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LXXIII.

DAVID AND BATH-SHEBA.

(From a black letter copy printed for J. Wright]

HEN David in Jerusalem
As royal king did rule and reign,
Behold what happened unto him,

That afterward procured his pain.

On the top of all his princely place,

A gallant prospect there had he, From whence he might, when 't pleas'd his grace,

Many a gallant garden see.

It chanced so upon a day.

The king went forth to take the air, All in the pleasant month of May,

From whence he spied a lady fair.

[graphic]

Her beauty was more excellent

And brighter than the morning sun, By which the king incontinent,

Was to her favour quickly won.

She stood within a pleasant bower,

All naked for to wash her there, Her body, like a lilly flower,

Was covered with her golden hair.

The king was wounded with her love,

And what she was he did inquire, He could not his affection move,

He had to her such great desire.

She is Uriah’s wife, quoth they,

A captain of your princely train, That in your wars is now away,

And she doth all alone remain.

Then, said the king, bring her to me,

For with her love my heart is slain, The prince of beauty sure is she,

For whom I do great grief sustain.

The servants they did soon prepare,

To do the message of the king, And Bath-sheba the lady fair

Unto the court did quickly bring.

The king rejoiced at her sight,

And won her love, and lay her by, Till they in sport had spent the night,

And that the sun was risen high.

The king his leave most kindly took

Of the fair lady at the last :
And homeward then she cast her look

Till that three months were gone and past.

And then in Bath-sheba so fair,

She found her former health exil'd, By certain tokens that she saw,

The king had gotten her with child.

Then to the king she made her moan,

And told him how the case did stand, The king sent for her husband home,

To cloak the matter out of hand.

When from the camp Uriah came,

The king received him courteously, Demanding how all things did frame

Concerning of the enemy.

Uriah shewed his highness all

The accident of warlike strife,
Then, said the king, this night you shall

Keep company with your own wife.

The Ark of God, Uriah said,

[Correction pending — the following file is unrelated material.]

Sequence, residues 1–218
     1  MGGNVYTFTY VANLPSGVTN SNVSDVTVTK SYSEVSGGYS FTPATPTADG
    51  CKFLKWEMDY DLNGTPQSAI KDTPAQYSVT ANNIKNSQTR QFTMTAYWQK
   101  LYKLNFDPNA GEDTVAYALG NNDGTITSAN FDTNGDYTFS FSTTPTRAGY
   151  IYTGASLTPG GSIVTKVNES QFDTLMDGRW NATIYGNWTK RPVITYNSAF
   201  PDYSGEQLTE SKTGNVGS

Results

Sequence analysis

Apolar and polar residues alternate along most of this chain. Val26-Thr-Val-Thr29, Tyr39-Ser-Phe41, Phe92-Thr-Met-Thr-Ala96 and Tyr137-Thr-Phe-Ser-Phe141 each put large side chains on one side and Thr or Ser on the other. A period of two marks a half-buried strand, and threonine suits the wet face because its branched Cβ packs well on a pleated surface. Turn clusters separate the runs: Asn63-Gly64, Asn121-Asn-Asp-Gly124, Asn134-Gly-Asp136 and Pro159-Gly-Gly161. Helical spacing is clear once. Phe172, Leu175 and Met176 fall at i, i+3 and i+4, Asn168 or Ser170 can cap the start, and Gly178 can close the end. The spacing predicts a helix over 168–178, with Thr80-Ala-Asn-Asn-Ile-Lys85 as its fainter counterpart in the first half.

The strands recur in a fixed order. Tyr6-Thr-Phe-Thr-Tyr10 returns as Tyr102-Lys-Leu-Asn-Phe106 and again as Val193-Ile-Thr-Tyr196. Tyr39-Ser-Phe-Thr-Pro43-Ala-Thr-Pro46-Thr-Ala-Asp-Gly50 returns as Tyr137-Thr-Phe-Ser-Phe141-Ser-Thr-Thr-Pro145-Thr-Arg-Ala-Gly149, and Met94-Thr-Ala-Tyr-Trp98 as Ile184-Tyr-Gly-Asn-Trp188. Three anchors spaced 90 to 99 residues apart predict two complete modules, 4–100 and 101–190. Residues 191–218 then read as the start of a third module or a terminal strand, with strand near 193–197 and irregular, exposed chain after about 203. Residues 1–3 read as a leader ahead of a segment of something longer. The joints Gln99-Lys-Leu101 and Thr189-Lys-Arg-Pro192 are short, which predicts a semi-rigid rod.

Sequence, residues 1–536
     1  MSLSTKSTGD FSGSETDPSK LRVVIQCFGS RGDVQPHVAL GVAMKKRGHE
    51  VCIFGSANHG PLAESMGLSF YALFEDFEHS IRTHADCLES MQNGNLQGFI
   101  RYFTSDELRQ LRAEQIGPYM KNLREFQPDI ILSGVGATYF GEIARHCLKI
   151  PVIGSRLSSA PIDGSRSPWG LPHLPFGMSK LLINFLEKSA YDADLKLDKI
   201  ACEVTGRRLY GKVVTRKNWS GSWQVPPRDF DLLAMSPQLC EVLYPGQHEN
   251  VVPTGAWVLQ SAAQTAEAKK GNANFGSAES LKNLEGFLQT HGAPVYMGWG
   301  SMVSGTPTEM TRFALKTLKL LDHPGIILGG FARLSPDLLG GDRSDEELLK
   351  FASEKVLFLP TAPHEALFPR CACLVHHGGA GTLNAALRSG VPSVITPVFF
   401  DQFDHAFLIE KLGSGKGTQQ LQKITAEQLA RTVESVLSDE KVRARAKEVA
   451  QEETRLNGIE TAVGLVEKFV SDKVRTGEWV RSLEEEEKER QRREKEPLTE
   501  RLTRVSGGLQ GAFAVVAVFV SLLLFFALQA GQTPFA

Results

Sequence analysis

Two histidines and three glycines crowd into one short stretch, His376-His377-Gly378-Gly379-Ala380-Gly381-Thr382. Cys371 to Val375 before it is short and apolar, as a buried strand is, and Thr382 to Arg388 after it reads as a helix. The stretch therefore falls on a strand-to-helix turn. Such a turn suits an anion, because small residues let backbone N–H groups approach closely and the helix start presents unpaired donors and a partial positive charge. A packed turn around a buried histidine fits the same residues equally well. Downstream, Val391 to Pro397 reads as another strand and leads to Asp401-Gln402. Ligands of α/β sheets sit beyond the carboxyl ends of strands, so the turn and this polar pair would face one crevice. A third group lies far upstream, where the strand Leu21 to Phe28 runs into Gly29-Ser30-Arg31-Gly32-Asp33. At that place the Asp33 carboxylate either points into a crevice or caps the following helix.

With Judah's host and Israel, Sleep in the field, and not a man

Within the house where they do dwell.

Then should I take my ease, quoth he,

In beds of down with my fair wife ? O king, he said, that must not be,

So long as I enjoy my life.

Then did the king a letter frame

To Joab, general of the host, And by Uriah sent the same,

But certainly his life it cost.

SECOND PART.

And when the king for certain knew,

Uriah thus had murdered been, Fair Bath-sheba to court he drew,

And made of her his royal queen,

Then God, that saw his wicked deed,

Was angry at King David's sin, The prophet Nathan then with speed

Came thus complaining unto him.

O David, ponder what I say,

A great abuse I shall thee tell, For thou that rul'st in equity

Should see the people ruled well.

Two men within the city dwell

The one is rich, the other poor, The rich in eattle doth excell,

The other nothing had in store.

Saving one little silly sheep,

Which young he did with money buy, With his own bread he did it feed

Amongst his children tenderly.

The rich man had a stranger come,

Unto his house, that lov’d him dear, The poor man's sheep therefore he took,

And thereof made his friend good chear.

Because that he his own would save,

He us’d the man thus cruelly,
Then by the Lord, the king did swear,

The rich man for that fault should die.

Thou art the man, the prophet said,

Thy princely crown God gave to thee, Thy lord's wives thou thy own hast made,

And many more of fair beauty.

Why hast thou so defiled thy life,

And slain Uriah with thy sword, And taken home his wedded wife,

Regarding not God's holy word,

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